Say Bid For New FBO Violated Rules
Attorneys are asking the Federal Aviation Administration to
overturn a recent decision by the Lafayette Airport Commission to
replace the long-time Lafayette Regional Airport's fixed-based
Paul Fournet Air Service and Herbert Schilling II filed a
complaint last week with the FAA, saying the way the commission
awarded the fixed-base operator contract to Million Air violates
FAA rules and regulations. Paul Fournet Air Service (PFAS) has been
the FBO at LFT since 1952.
The plaintiffs want the FAA to declare the contract was awarded
in violation of regulations, order it void and begin the selection
The airport commission began accepting proposals for lease
agreements on an FBO in 2005. Among the three companies that
submitted proposals included Million Air and a joint venture
between PFAS and local investors, including Schilling, according to
the Louisiana Advocate.
The Fournet group says it turned in its properly completed
proposal on the deadline but Million Air only submitted a general
letter that didn't meet the specs for proposals as established by
the commission. Then, Million Air was allowed to submit a
"supplement" to its proposal -- after the other submitted proposals
were made public.
Several days later, the commission voted to negotiate
exclusively with Million Air.
The complaint states that by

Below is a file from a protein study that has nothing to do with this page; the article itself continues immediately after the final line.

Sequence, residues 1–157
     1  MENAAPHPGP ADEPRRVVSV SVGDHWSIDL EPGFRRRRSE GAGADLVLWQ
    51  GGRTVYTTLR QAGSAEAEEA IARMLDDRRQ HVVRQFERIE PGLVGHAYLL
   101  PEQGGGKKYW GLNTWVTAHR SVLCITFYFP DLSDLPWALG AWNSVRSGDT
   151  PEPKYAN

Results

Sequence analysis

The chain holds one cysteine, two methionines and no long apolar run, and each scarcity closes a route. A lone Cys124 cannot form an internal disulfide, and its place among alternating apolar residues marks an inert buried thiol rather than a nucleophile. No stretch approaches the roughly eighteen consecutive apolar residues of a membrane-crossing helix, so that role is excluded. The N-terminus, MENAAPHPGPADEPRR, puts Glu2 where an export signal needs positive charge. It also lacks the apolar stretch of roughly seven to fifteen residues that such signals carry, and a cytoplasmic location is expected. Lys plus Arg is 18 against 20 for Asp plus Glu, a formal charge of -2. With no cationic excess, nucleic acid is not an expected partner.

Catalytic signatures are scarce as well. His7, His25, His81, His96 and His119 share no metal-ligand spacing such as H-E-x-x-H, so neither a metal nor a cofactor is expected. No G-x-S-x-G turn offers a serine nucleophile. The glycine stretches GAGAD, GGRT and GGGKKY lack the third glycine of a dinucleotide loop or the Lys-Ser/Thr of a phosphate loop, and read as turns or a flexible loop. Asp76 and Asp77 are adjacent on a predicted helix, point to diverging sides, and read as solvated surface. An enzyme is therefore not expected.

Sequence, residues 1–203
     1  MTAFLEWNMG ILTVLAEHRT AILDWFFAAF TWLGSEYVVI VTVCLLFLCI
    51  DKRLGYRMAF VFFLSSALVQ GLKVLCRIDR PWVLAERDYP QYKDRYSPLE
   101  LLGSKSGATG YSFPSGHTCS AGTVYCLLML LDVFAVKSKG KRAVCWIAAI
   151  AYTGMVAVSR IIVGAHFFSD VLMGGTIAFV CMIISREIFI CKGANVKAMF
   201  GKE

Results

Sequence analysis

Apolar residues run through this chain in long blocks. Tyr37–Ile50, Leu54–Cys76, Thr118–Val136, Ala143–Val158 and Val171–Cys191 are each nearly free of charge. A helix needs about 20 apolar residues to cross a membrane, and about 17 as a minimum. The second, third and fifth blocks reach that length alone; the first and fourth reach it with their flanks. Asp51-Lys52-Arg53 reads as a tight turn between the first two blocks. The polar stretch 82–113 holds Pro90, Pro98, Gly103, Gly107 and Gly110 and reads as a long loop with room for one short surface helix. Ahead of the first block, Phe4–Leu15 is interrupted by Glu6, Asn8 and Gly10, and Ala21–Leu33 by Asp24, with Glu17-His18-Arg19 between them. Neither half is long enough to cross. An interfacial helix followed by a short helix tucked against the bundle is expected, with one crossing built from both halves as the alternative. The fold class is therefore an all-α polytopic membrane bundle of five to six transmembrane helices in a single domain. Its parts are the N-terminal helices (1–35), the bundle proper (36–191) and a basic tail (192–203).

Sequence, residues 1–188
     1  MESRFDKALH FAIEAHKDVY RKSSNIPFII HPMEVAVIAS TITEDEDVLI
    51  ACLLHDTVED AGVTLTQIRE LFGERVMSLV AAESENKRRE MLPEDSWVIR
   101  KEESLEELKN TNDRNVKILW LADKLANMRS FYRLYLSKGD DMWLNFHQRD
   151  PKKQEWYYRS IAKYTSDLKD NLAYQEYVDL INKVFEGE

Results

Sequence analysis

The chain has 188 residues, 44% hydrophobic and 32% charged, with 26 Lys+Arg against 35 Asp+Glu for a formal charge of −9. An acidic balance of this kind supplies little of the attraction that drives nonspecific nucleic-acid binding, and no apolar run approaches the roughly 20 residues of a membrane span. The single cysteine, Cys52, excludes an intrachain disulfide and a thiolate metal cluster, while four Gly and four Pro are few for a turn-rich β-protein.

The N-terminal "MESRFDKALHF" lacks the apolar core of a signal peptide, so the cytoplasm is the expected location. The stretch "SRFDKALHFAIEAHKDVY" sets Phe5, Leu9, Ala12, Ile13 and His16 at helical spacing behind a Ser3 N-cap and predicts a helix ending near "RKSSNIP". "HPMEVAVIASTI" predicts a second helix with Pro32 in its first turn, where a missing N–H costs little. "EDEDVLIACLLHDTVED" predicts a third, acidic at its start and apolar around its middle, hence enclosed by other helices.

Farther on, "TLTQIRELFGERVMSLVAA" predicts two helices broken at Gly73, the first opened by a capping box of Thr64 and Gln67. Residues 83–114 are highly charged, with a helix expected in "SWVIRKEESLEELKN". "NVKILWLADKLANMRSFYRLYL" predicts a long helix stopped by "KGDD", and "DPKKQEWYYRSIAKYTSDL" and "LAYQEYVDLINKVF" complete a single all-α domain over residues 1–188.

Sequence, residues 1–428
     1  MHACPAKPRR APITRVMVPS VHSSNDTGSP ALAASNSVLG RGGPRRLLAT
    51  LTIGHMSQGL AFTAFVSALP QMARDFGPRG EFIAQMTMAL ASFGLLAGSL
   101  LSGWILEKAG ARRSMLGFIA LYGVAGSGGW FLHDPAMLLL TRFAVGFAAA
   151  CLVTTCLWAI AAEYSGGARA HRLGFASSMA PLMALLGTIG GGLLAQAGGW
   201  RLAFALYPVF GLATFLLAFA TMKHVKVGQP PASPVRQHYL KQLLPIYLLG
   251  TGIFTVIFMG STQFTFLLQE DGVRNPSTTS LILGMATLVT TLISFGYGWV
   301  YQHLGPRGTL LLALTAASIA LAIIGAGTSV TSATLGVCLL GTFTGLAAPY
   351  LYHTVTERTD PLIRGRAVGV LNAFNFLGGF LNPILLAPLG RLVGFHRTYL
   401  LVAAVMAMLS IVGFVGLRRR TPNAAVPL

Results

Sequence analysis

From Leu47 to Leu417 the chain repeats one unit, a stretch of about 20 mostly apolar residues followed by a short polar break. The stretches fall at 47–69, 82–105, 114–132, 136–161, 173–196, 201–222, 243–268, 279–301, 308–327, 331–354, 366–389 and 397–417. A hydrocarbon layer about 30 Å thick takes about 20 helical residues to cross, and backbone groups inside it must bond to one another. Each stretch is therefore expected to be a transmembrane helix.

allowing Million Air to view the submitted proposals, the
commission provided a way for Million Air to beat them. It also
alleges the Million Air deal has become increasingly unbeneficial
to LFT and says their proposal is better by $2.7 million.
Even though the commission did not have to abide by public bid
laws in awarding the contract, the complaint says the process
violated specific FAA rules:
Failure to uniformly apply conditions for the engagement of a
commercial aeronautical enterprise.
Failure to develop and publish minimum standards for the lease
"in advance of negotiations with any prospective tenant or
Failure to uniformly apply the same standards to all tenant
operators seeking the same franchise.
Attorney Michael Hebert said Fournet Air Service filed a similar
complaint with the FAA last year, but the agency dismissed it. This
prompted an appeal to the U.S. 5th Circuit Court of Appeals which
recommended the more formal complaint.
Hebert said the FAA will decide to either decide the case based
on information received or to hold a full hearing. The agency and
the commission will have a chance to formally respond.
The relationship between LFT
and PFAS continues to sour as the commission voted last week to
file a lawsuit against PFAS seeking $800,000 in owed maintenance
PFAS owner/operator Richard Fournet says the commission is
"heavily overstating" that amount.
"That number has been used previously to argue their point and
to negate anything I have to say," he said. "There is a gulf
between what they are purporting to do and what the truth is."